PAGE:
This is one of my favourite posts of the year to write because I go completely off-piste. For me, summer is a chance to catch up on things I’ve missed because getting hung up on new releases can become a treadmill – being fresh out doesn’t confer extra qualities, after all. This is also the only time I mention books I haven’t yet read and part of the fun is coming back in early September to share my verdict.
My three weeks in the south of France are still some way off but this feels like a good time to start my break from the blog. It’s been a pretty crazy year so far (although I always seem to say that). Next week both my kids will be away and I’m itching to write some new short stories, which I haven’t done in ages. I also want to see how my idea for a new book might develop when I have some uninterrupted time to think. When I finally get back to ‘my’ vineyard in Provence (it isn’t, of course), all I plan to do is read and swim and drink chilled rosé in the sun, with all the family together. I’ve read dozens of books over the years in this heavenly spot!
In no particular order, here are the books I have in mind and why. There might be others. We’ll see…
A DEATH IN THE FAMILY – Karl Ove Knausgaard, translated from Norwegian by Donald Bartlett
I’ve belonged to the same book group for about 13 years, and in addition to spending time with fabulous women who are now some of my closest friends, I get the usual benefit of reading books I might not have chosen. We have concluded that ‘Marmite books’ (with very mixed reviews) make for the best discussions, as recently with Tom McCarthy’s Satin Island. Many people I respect rate Knausgaard. Until now I was put off by the idea of any writer thinking his own life merits five volumes, but there must a reason he’s won so many readers over. I’m genuinely looking forward to this and am approaching it with an open mind.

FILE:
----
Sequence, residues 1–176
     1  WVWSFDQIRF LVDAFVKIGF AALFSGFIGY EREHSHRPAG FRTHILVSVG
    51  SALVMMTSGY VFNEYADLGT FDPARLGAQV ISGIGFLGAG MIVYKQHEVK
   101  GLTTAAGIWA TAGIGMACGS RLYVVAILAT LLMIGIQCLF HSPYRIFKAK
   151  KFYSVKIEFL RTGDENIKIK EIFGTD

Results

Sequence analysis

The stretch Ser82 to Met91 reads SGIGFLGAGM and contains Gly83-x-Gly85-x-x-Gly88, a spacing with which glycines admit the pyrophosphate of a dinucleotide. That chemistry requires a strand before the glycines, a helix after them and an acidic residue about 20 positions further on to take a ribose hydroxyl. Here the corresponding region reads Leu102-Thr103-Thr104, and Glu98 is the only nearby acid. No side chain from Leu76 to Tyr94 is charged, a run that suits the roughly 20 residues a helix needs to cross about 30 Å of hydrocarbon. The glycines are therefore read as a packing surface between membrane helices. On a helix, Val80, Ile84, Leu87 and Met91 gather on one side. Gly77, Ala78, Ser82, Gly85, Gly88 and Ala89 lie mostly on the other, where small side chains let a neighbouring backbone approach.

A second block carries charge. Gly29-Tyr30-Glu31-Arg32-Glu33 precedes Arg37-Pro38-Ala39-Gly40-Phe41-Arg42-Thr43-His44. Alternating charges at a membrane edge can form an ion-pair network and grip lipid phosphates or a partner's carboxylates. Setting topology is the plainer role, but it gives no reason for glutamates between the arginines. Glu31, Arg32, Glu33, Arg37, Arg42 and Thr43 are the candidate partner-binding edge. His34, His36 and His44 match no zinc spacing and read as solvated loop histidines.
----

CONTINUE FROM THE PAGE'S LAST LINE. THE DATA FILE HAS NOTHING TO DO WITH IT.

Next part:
L’HOMME QUI MENT – Marc Lavoine
During the writing of my novel, I read a lot in French and if I didn’t run this blog, it’s something I’d do even more. Contemporary French fiction seems to operate within wider perameters of form and content and authors given more freedom. That’s actually irrelevant to this book, a memoir by the well-known French actor and singer Marc Lavoine, about his relationship with his father. Now in his 50s, Lavoine topped the charts in 1985 with his song Les Yeux Revolver, to which many French people of all ages know the words. I’m not surprised – it’s a stunning example of how to write character and touch an audience. This song has inspired practically every word of fiction I’ve written, so naturally I’m interested in the man behind it.
EVERYONE IS WATCHING – Megan Bradbury
I heard the author read from this book at an event last winter and was captivated by an excerpt which involved the development of Long Island, a place I discovered only last October when a friend moved there. I love New York (especially Brooklyn) – can’t get enough of the place or books set there. Clearly the writing is excellent, the structure sounds interesting and with Walt Whitman, Edmund White, Robert Mapplethorpe and planner Robert Moses as characters, it’ll be a welcome change from the over-familiar group of friends or tortured middle-class family template.
THE VEGETARIAN – Han Kang, translated from Korean by Deborah Smith
I know nothing about this novel except that it won the Man Booker International Prize 2016 and that tons of people have raved about it. Given my innate suspicion of blurbs and press releases (land of spoilers, hyperbole and red herrings), coming to a book with no expectations is often a good thing. I’ve also never read a book translated from Korean and as this is Women in Translation Month (#WITMonth), now’s the time!